JUST PUBLISHED: Farah Griffin’s “Intellectual History of Black Women”

April 27, 2015
JUST PUBLISHED: Farah Griffin’s “Intellectual History of Black Women”

Toward an Intellectual History of Black Women, edited by Farah J. Griffin, co-director of the CSSD working group of the same name and Professor of English and African-American Studies at Columbia University, has been published by University of North Carolina Press.  Professor Griffin’s project co-directors Mia E. Bay (Rutgers University), Martha S. Jones (University of Michigan), and Barbara D. Savage (University of Pennsylvania) also co-edited the volume of essays in a passionate collective effort that spanned nine years.

The eEssence article editdited volume presents the work of black women writers, educators, activists, religious leaders, and social reformers in the United States, Africa, and the Caribbean. Recovering the contributions of thinkers marginalized by both their race and their gender, the 15 essays collected in Toward an Intellectual History of Black Women uncover the ideas of both formally educated and self-taught thinkers.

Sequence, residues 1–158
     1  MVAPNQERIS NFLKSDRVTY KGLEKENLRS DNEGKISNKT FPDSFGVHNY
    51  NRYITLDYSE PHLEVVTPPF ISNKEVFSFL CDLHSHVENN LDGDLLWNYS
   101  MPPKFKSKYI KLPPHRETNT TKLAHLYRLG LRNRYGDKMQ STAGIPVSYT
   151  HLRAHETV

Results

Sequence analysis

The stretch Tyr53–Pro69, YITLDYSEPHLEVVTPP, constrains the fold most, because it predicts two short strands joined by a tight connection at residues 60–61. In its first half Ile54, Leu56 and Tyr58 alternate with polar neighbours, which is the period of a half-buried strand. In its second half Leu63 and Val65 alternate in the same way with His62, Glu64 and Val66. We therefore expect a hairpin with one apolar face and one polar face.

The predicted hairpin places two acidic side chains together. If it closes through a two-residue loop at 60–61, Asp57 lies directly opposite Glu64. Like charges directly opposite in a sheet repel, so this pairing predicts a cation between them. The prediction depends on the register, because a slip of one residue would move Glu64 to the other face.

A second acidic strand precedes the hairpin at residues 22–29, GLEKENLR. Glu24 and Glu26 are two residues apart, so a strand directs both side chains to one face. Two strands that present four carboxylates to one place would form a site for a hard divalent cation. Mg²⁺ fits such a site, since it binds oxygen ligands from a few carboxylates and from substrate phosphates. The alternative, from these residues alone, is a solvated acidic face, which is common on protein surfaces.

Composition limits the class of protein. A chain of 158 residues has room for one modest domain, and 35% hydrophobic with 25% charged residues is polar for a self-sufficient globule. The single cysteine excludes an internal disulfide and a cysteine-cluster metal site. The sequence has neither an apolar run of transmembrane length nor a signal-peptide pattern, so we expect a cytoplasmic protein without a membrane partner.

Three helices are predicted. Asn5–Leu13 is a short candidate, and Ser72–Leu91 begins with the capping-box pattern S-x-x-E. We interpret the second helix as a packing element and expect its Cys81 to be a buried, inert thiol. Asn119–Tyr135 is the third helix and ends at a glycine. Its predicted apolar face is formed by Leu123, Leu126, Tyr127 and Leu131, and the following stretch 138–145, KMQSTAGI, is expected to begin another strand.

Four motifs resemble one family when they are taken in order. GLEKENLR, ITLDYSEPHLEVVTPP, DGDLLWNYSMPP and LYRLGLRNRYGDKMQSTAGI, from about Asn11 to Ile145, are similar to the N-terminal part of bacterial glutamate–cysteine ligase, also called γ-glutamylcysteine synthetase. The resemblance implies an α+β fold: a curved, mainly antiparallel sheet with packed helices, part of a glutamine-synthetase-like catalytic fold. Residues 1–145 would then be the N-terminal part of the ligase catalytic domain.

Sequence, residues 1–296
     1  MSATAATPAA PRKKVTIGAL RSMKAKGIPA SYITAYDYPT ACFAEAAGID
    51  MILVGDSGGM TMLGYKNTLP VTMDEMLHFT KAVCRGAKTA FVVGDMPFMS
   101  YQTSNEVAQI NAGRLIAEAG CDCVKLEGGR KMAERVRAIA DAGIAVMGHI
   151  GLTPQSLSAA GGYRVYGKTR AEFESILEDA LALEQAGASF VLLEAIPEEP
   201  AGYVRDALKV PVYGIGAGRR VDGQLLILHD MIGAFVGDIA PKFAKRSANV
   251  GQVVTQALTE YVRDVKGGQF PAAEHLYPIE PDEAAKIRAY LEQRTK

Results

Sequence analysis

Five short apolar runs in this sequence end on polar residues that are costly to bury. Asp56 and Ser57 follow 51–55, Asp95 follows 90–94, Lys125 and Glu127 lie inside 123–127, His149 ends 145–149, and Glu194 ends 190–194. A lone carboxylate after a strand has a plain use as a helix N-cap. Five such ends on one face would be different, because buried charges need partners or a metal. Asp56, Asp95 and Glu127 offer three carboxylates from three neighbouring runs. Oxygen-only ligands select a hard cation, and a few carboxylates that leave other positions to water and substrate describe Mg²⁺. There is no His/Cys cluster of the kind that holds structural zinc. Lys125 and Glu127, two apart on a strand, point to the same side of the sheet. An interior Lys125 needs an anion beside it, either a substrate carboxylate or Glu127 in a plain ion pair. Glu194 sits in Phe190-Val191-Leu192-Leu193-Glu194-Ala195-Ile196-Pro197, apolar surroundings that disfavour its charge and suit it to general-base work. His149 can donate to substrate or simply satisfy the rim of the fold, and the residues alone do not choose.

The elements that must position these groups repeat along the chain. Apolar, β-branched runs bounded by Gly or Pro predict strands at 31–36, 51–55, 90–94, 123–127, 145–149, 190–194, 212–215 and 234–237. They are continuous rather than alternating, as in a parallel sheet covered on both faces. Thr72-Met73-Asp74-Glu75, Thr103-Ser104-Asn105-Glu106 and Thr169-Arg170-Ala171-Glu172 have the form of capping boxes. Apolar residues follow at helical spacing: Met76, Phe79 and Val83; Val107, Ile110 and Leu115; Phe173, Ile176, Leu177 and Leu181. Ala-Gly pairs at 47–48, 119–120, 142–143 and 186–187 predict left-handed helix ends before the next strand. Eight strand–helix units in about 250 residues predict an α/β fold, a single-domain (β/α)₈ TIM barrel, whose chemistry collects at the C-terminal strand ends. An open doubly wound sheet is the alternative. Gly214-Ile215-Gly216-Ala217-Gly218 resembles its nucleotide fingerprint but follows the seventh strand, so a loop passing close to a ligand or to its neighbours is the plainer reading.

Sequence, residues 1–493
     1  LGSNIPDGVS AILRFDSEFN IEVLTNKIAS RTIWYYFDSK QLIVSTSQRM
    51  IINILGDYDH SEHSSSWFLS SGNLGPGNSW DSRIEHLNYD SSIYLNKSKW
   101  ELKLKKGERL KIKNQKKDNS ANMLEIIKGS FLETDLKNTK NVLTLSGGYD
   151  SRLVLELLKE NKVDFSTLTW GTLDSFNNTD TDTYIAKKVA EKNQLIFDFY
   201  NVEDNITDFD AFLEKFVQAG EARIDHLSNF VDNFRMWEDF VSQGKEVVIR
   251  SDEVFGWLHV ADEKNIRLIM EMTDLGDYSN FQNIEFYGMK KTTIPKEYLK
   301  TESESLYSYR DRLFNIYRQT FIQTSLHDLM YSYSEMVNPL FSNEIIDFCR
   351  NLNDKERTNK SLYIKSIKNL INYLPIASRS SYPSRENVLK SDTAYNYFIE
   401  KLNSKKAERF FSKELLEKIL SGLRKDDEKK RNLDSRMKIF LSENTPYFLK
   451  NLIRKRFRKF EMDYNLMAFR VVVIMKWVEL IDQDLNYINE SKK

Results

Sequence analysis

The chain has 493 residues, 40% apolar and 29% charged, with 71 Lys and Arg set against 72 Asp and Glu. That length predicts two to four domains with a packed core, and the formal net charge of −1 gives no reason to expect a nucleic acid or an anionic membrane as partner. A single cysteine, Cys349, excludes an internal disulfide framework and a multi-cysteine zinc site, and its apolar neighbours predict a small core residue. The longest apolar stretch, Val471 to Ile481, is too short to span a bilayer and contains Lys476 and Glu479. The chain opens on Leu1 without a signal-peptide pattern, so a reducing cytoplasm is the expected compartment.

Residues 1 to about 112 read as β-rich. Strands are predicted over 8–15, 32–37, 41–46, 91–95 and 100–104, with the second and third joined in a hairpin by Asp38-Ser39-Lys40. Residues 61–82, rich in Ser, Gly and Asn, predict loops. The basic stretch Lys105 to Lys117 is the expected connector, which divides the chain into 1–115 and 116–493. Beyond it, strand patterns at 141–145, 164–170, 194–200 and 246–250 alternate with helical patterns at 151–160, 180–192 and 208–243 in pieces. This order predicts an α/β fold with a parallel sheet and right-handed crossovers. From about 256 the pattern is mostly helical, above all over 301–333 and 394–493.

CSSD hosted one of four meetings held to foster discussion and criticism of the commissioned essays by colleagues and graduate students. Ultimately, the scholars planned to move intellectual inquiry “beyond the ‘Great Men’ paradigm” and lift up Black women’s own intellectual achievements. The published result is an innovative volume that addresses topics ranging from religion and slavery to the politicized and gendered reappraisal of the black female body in contemporary culture.

The book is featured in the May issue of Essence Magazine and on the University of Pennsylvania and University of Michigan websites. Copies can be purchased here.